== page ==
Jamira Burley knew both perpetrators and victims of violence in her family and in her Philadelphia community. Now 27, she was raised largely by older brothers because her parents were in and out of jail. “My brothers had to become adults before they could fully experience their childhood,” she said. They took care of the family by whatever means available, which often resulted in run-ins with the law. “Whether that was selling drugs, getting into fights to protect the younger siblings, it wasn't done selfishly, it was done in order to ensure that me and my younger brothers and sisters were taken care of,” she said. Every one of her 10 older brothers is either currently or formerly incarcerated, which does not make her family an anomaly: 36,000 black men are “missing” from Philadelphia primarily because of incarceration or early death, according to a 2015 New York Times analysis. This is the third highest of the cities analyzed, trailing behind New York and Chicago—both with much larger populations.
But Philadelphia may have reached a tipping point. The city is in the midst of what could be a pivotal phase of reform, now helmed by newly-minted mayor Jim Kenney. The magazine Philadelphia has called Kenney, “Mr. Criminal Justice Reform,” citing his record as councilman, which included championing the decriminalization of marijuana in Philadelphia, which he called a civil-rights issue, and campaign promises to eliminate cash bail for some low-level defendants and to give convicted felons a second chance. Kenney’s candidacy was compared to that of New York City Mayor Bill de Blasio: Both are white, but ran on a populist platform preaching racial, economic, and criminal justice reform. On his first night as mayor in January, rather than celebrate with an inaugural ball, Kenney took the festivities to the streets with a block party. He aims to be a mayor of the people, addressing issues that have plagued the city for decades, including overcrowded jails and tense relations between police and residents.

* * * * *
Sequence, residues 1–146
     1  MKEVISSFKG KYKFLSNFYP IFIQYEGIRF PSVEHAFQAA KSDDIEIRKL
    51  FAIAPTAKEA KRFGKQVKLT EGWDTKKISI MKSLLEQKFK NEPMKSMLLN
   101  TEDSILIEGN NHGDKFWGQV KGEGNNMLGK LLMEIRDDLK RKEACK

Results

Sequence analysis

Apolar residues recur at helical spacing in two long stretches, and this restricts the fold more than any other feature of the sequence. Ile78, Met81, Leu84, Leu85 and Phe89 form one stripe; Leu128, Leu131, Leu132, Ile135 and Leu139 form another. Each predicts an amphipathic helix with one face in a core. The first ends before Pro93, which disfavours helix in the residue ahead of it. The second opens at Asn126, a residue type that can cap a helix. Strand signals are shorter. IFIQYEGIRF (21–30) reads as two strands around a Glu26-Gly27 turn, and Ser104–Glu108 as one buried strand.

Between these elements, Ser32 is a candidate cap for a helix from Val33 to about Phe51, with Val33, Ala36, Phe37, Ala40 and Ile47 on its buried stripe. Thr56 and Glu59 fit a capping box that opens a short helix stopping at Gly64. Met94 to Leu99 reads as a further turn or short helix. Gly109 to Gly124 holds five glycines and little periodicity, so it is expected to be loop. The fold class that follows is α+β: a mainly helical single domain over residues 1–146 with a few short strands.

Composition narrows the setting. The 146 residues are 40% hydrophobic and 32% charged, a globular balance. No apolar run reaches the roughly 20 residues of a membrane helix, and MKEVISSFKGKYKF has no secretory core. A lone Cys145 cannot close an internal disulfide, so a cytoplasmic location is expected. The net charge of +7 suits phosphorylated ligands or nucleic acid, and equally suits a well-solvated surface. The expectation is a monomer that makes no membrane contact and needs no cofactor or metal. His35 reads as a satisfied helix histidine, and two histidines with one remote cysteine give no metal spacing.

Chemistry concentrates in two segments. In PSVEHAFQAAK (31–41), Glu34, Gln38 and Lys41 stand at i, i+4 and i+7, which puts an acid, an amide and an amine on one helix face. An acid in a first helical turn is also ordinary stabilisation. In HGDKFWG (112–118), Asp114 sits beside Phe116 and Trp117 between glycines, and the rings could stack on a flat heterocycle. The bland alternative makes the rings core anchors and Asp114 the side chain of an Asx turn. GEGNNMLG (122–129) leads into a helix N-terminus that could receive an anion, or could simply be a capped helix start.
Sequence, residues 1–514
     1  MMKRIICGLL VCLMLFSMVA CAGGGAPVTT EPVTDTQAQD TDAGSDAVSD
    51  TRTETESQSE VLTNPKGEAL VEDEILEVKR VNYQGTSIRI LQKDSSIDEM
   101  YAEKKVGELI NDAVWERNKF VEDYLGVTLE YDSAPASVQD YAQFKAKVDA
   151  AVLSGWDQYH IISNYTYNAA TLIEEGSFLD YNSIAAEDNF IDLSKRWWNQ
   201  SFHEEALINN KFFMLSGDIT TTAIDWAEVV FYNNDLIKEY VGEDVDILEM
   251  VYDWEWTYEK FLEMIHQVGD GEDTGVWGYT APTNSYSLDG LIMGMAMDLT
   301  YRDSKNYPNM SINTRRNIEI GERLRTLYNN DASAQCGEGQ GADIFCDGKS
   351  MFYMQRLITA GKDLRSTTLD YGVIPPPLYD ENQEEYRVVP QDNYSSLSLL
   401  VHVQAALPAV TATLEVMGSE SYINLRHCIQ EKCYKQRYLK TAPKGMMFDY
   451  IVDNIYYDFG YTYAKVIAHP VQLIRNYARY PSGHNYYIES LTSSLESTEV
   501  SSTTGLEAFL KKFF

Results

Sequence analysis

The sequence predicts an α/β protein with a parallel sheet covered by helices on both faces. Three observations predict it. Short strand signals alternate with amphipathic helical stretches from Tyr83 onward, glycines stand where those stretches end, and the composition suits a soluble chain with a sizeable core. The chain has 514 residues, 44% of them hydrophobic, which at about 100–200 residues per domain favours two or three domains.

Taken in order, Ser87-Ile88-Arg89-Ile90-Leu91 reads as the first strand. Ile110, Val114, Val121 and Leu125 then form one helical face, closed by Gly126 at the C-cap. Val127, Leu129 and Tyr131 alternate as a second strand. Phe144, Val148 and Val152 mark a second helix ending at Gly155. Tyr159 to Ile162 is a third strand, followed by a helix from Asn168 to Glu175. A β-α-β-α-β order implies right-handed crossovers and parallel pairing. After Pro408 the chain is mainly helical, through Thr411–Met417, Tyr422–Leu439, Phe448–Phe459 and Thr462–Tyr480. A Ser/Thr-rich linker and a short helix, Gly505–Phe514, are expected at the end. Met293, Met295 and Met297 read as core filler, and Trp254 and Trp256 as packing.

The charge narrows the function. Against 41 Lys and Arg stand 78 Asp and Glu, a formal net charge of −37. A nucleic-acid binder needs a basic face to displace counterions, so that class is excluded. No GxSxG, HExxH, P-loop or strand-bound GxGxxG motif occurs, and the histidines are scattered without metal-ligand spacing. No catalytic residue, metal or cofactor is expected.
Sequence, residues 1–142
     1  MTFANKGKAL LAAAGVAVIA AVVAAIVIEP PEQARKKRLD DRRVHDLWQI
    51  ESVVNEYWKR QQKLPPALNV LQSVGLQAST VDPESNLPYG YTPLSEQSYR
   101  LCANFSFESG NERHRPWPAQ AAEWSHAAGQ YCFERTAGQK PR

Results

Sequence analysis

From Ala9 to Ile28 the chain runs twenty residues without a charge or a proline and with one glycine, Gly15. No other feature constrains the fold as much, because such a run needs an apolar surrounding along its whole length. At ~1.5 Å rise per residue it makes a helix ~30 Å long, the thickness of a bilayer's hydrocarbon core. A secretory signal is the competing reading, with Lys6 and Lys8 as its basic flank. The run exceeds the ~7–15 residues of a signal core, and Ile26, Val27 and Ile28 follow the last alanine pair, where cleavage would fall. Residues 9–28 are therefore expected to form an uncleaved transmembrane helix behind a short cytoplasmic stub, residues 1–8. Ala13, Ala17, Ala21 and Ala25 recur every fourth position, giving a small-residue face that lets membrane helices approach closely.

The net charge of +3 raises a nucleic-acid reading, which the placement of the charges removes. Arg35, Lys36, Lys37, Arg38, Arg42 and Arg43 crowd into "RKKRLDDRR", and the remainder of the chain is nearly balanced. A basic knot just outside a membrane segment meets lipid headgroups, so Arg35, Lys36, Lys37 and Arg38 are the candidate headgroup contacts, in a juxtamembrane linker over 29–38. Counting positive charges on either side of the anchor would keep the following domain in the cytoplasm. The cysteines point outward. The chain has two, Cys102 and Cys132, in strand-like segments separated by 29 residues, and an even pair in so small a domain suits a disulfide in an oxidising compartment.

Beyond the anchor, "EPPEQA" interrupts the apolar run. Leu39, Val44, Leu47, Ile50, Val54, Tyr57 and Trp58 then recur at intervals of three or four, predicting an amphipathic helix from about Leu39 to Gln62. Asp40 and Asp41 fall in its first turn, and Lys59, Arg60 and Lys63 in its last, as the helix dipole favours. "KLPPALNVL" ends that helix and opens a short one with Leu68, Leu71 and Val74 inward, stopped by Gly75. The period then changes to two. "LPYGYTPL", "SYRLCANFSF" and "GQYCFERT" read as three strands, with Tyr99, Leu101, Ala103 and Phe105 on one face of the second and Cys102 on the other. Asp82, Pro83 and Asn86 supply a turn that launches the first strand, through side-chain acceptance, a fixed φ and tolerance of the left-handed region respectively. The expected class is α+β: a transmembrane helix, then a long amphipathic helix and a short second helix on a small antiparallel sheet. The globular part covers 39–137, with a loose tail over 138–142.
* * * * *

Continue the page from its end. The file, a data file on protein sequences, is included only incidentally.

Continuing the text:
In the post-Ferguson era, where tensions between police and residents have risen in cities across the country, Philadelphia is no exception. Amid a rise of officer-involved shootings in 2013—before Michael Brown was killed in Ferguson, Missouri—then-Philadelphia Police Commissioner Charles Ramsey requested that the Department of Justice conduct an investigation into his own department. The DOJ report, released last March, found that there were at least 394 officer-involved shootings between 2007 and 2013 in Philadelphia. In 2013, the Philadelphia Police Department fatally shot 11 civilians. The median age of victims was 20, and over 80 percent were black. The most recent high-profile case was that of 26-year-old Brandon Tate-Brown, who, on December 14, 2014, was fatally shot by police officers after being pulled over, allegedly for driving with his headlights off. The story that followed is all too familiar in cities across the country: The community erupted in protest, demanding justice for his death; the officers involved were not charged.